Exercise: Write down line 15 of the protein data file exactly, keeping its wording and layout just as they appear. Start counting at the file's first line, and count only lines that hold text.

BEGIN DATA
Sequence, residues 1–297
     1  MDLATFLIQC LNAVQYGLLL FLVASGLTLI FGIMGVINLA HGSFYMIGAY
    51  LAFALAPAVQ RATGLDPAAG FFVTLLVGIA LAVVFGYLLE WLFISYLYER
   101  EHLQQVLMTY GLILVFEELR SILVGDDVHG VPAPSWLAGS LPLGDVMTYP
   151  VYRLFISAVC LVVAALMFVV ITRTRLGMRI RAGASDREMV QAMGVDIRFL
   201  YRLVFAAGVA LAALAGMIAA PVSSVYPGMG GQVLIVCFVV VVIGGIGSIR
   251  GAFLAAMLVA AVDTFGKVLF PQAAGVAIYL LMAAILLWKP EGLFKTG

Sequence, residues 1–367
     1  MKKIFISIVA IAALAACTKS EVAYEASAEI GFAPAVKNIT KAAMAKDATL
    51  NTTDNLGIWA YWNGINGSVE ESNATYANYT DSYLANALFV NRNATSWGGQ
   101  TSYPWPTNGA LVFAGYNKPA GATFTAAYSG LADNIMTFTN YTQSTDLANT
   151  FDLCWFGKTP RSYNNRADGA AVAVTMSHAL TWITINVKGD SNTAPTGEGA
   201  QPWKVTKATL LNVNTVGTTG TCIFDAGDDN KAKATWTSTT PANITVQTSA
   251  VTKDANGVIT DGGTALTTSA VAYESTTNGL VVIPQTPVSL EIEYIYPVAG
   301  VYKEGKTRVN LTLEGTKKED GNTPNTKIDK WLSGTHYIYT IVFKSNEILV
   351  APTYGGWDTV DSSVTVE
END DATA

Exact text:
   301  VYKEGKTRVN LTLEGTKKED GNTPNTKIDK WLSGTHYIYT IVFKSNEILV